I looked at my watch and it was quarter to five. I had to get going. I tipped the rest of my salad in the bin and wrapped my arms around myself for comfort as I stepped out into the cool afternoon air.
The pub was packed when I pushed open the door and I had to fight back the temptation to turn and run away. I am never at my best in crowds. But no, I was determined. It went with the new me I had been working on, the one that is brave and throws caution to the wind. I pushed my way through the crowd until I reached the black board and wrote my name down in chalk under an empty spot. I was to be the fourth performer and we each had ten minutes to read our poems. I had four poems, but two of them were quite short so I knew I wouldn’t go for the whole ten minutes, but that was okay as long as I just got up there and did it.
I went to the bar and asked for a glass of water and then found an empty stool at a table in the corner. As I climbed onto the stool, the MC introduced the first performer for the night.
“Ladies and gentleman, if I could have some quiet please. Tonight we have a full menu of poetry performers and I am sure you will give them all a big PJ’s welcome. First up tonight we have David. Ladies and gentlemen, a big hand for David…”
This guy in a brown shirt slinked up to the microphone. He looked really nervous and that didn’t help me at all. I knew exactly what he was going through as he stumbled over his first poem. Some guys called out from the crowd and poor David began to mumble into the microphone. Oh my god, I thought. That is what was going to happen to me. I felt like throwing up and I think I would have run if the bar hadn’t been so crowded. New brave you, new brave you, I kept saying to myself.
The second act was a guy I knew from my creative writing class. I knew he would be good because I had already heard his stuff. He came across really confidently and the audience was quiet as they listened to his words. His second poem was a humorous one, something about a guy meeting a girl in a pub in Darwin and what they got up to. I could feel myself blushing at some of the things he said, but the crowd loved it and cheered loudly when he got to the punch line.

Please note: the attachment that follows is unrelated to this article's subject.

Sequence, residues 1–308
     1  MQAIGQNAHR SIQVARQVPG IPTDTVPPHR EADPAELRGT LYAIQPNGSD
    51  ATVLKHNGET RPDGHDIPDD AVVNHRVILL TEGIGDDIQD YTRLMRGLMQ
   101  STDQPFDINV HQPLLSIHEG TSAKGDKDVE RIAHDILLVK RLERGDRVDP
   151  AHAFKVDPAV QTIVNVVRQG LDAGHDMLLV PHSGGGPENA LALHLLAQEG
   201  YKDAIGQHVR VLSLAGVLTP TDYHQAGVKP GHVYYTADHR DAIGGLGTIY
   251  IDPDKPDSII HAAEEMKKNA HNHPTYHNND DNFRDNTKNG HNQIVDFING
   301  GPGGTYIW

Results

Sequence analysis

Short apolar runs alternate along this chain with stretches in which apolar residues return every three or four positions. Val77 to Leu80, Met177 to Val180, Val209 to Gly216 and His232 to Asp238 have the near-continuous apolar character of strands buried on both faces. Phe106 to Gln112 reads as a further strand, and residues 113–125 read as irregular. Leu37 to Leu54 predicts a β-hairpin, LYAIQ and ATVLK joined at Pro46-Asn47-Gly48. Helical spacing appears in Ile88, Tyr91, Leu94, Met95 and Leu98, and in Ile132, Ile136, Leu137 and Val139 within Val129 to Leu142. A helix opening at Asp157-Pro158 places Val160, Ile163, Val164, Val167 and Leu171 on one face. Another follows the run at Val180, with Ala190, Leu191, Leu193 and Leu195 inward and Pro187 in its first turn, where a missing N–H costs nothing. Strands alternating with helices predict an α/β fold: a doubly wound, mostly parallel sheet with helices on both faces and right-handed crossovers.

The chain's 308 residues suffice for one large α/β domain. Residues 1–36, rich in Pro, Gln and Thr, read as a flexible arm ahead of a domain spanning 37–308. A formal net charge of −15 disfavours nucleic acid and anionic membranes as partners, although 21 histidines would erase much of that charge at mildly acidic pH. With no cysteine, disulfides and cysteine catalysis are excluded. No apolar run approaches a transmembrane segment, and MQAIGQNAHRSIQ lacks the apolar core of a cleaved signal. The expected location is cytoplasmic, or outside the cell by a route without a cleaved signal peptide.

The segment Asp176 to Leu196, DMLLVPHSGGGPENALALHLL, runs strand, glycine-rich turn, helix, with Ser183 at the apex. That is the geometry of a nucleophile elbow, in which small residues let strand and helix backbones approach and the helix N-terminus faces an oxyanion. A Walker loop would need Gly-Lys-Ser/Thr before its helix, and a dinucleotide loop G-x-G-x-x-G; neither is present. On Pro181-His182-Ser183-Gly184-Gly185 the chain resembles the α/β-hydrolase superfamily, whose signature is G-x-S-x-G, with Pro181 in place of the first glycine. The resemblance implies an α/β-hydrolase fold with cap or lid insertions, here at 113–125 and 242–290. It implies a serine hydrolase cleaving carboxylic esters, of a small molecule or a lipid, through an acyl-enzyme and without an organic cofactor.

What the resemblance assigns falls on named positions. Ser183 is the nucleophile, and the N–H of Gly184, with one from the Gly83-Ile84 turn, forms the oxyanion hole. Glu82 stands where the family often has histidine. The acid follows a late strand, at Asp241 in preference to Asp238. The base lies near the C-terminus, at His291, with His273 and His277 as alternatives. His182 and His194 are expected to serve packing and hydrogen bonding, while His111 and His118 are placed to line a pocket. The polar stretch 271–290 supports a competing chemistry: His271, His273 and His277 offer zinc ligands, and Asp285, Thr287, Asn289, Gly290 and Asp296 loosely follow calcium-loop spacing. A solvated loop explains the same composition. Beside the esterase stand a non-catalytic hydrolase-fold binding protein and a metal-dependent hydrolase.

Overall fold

There was only one more act and then it was my turn. Suddenly I found myself starting to panic. I had a sip of water to try and calm the butterflies and I could feel how sweaty my palms were. I kept shuffling the pages in my hand, glancing at the writing to make sure it was clear in my head.
A girl was reciting some beautifully polished lyric poetry. She had a really seductive sultry voice and, again, the audience were hanging on her every word. But my heart was racing as she climbed down from the podium. Suddenly the MC was announcing my name.
“Ladies and gentlemen, tonight we have a special treat. For the first time at PJ’s poetry night I give you MOLLY.” The audience broke out into enthusiastic applause as I stepped up nervously to the microphone. I looked at my notes and cleared my throat, then took a deep breath.
“Ummmmm…. that day….” I began.
“Speak up!” someone yelled from the crowd. I looked up and a sea of faces swam before my eyes. I felt like I was stuck in a rip as the panic started to surge in my stomach.
“Oh, ummm… you put my book…” I was faltering and knew it. Somehow I had to keep going. “… on your shelf, ummm… told me everything, how you felt.” I looked up again and all I could see were people laughing and talking to each other. “Valentine’s Day, soul mates…” I tried to continue, but I could hardly hear myself over the noise of the crowd. “… letters to Juliet, burned intensely, ummmm…. until you answered my heart’s question in the negative….” I looked down at the page and took a moment to find where I was up to because the words were drifting before my eyes. “I could have had your baby, walked the aisle…” I was just reading now. I had given up on trying to recite and win the audience over. Just get through this, I told myself. “Spent my nights lying next to you, just fooling myself that it was true, you loved me too.”
I finally finished and stepped back from the microphone for a moment. There were a few polite claps but most of the crowd weren’t paying any attention. I turned the page to my next poem and stepped forward again. I stumbled through that poem as well, but then as I turned the page and looked up I saw her for the first time. It was her dazzling smile that caught my eye and I stood there mesmerised. It was the girl from the park, and she was looking straight at me. I took a deep breath and continued reading. “… noble lovers captured by sentimental glances…” I looked up and she was still listening intently, lips parted slightly. I could feel my heart racing but my voice grew stronger. Suddenly I felt like I had someone to read to. I put the page down and closed my eyes for a moment, picturing myself in the park reading to my lover.